Pretty clichéd advice, to be sure, maybe even worthy of an eye roll from our younger readers. But consider how much failure many of the greatest successes had to wade through.
Thomas Edison is quoted as saying, “If I find 10,000 ways something won’t work, I haven’t failed. I am not discouraged, because every wrong attempt discarded is another step forward.” And he lived that principle, basing his search for a better light bulb on a trial and error process that was undeniably inefficient and ham-fisted — but it worked.
J.K. Rowling, the author of the unimaginably successful Harry Potter series (and who is probably more well known than Edison as this point), was destitute when she sold her first Potter manuscript — after having it turned down 12 times. A few years later and she’s worth something like $1 billion. It’s fair to say the world would be a different place if Rowling had hung it up after a dozen rejections.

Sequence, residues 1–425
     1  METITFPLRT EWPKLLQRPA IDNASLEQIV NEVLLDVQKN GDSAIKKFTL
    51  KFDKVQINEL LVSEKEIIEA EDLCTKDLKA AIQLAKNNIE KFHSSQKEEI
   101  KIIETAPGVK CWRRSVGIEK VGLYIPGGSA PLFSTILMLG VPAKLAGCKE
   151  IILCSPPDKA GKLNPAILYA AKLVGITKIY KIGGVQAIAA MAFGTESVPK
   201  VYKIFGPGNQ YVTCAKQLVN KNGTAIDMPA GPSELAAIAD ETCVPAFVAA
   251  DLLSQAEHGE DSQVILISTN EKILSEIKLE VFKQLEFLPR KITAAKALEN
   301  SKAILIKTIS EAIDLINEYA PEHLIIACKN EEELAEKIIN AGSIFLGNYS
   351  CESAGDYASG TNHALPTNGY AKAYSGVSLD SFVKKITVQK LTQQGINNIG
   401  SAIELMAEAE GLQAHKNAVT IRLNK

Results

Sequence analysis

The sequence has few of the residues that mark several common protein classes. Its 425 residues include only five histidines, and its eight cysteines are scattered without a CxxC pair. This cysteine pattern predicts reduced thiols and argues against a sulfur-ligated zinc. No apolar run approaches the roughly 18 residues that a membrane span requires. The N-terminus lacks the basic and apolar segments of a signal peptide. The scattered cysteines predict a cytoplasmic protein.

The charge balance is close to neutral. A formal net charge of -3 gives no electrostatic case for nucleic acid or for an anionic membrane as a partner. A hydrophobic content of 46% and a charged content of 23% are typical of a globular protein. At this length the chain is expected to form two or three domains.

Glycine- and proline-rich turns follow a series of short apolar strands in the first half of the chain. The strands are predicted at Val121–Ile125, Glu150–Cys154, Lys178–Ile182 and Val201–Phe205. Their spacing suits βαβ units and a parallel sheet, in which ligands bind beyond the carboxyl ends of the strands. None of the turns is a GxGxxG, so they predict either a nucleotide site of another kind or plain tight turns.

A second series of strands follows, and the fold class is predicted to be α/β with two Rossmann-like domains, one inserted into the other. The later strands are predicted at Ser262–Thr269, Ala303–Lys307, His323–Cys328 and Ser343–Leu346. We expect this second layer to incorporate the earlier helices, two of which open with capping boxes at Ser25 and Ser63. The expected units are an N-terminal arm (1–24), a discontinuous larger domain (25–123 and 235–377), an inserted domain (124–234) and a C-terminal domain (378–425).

The list rolls on and on: Henry Ford (who was looked at as an abject failure at 40, before he invented the Model T), Babe Ruth (who was better known for striking out before he broke the home run record), Dr. Seuss (whose first book was rejected 27 times) and leaders the like of Dick Cheney, Winston Churchill and Harry Truman (all of whom either flunked out or dropped out of school at some point).
The point to all this is to illustrate the importance of continued growth along with the relative unimportance of figuring it all out right away. Take the time to try new things and find out your place in the world and remember: failure is more than an option. It’s a requirement.